Home Sep – Oct 2021 Oregon Vignettes

Sep – Oct 2021 Oregon Vignettes

by admin

by Joseph Gallivan

Claudia Cave, Light House, 2008 Hallie Ford Museum of Art, Willamette University, Maribeth Collins Art Acquisition Fund, 2008.068. Photo: Aaron Johanson

CLAUDIA CAVE: INTERIORS AND INTERIORITY
Hallie Ford Museum of Art, Salem. To Dec 4

Claudia Cave, who grew up in Salem, makes drawings and paintings whose subjects range “from spiky female figures to zooming canines and occasional cats to smoothly excavated landscape forms.” Cave loves interiors, rendered in meticulous detail, and she often shows cross sections of houses. Tiny women populate them like toys in a dollhouse or figures in an architectural drawing. Guest curator Roger Hull says, “Cave’s focus on interiors can lead her further inward, to the realm of interiority – the psychic zone of thoughts, dreams, ennui, and sometimes apprehension.”

Louise Bourgeois, Art is a guaranty of sanity, 1999

LOUISE BOURGEOIS: WHAT IS THE SHAPE OF THIS PROBLEM
Jordan Schnitzer Museum of Art at PSU, Portland. To Dec 4

There is more to Louise Bourgeois than big spiders and big moods. She was a prolific writer, drawer, book illustrator and printmaker. This show presents 119 works, with a focus on prints and textiles. It also has eight holograms from the 1940s to the early 2000s. Bourgeois was in psychoanalysis and her explorations played out in text as well as in images. In asking “What is the shape of this problem?” in her art, Bourgeois makes suffering and artmaking parallel entities, according to curator Naomi Potter of the Esker Foundation in Calgary, Canada.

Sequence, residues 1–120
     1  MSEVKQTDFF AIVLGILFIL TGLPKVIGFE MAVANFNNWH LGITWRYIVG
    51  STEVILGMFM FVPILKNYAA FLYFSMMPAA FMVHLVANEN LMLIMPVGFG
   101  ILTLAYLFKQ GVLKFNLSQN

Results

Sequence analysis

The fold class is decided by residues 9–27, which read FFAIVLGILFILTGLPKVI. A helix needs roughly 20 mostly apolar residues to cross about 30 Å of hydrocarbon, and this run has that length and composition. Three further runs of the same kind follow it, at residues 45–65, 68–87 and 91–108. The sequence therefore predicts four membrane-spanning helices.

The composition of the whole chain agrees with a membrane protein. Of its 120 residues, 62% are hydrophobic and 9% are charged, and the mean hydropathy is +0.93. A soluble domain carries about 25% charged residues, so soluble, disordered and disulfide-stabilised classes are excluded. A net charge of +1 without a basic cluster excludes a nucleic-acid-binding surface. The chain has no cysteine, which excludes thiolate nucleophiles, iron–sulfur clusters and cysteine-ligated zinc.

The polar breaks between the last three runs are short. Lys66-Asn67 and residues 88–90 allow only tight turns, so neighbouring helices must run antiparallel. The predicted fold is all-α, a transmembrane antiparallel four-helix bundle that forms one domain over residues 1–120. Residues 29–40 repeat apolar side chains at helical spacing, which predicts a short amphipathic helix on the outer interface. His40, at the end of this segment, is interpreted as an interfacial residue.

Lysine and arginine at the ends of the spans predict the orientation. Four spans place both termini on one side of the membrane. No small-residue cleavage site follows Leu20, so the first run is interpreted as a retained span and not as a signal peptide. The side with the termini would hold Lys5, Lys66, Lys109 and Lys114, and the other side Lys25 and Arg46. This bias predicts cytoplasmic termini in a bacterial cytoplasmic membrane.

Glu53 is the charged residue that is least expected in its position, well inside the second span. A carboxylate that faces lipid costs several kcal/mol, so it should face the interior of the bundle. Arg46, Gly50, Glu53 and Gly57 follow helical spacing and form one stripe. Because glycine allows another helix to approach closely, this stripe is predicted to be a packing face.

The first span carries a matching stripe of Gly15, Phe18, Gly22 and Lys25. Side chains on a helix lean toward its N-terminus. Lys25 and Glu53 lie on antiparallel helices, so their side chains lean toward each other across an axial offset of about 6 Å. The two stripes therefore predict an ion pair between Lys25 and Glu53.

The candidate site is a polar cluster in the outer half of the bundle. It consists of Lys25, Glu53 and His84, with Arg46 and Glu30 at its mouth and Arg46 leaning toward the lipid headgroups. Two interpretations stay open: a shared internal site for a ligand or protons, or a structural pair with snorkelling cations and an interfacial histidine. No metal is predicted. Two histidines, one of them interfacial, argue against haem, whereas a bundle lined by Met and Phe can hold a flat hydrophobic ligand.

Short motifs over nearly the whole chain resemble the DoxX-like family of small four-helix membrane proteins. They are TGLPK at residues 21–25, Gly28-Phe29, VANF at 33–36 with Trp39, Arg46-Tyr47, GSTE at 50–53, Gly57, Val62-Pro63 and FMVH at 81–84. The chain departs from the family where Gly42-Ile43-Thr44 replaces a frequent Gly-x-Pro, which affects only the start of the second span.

Clara Barck Welles with the Illinois suffragettes in Washington, DC, 1913. DN-0060283. Chicago Daily News negatives collection, Chicago Historical Society

A NEW WOMAN: CLARA BARCK WELLES, INSPIRATION & INFLUENCE IN ARTS & CRAFTS SILVER
Jordan Schnitzer Museum of Art at the University of Oregon, Eugene. Oct 9, 2021 – Oct 2, 2022

Clara Barck Welles was a feminist, activist, artist and maker in the early 20th century. She co-founded the Kalo Shop of Chicago, a studio famous for its elegant Arts and Crafts silver hollowware, flatware and jewelry. The Kalo Shop, whose motto was “beautiful, useful, and enduring,” trained generations of designers, jewelers and silversmiths from the early 1900s until it closed in 1970. This show features works from the collections of the JSMA and the Portland Art Museum, plus rarely seen private pieces.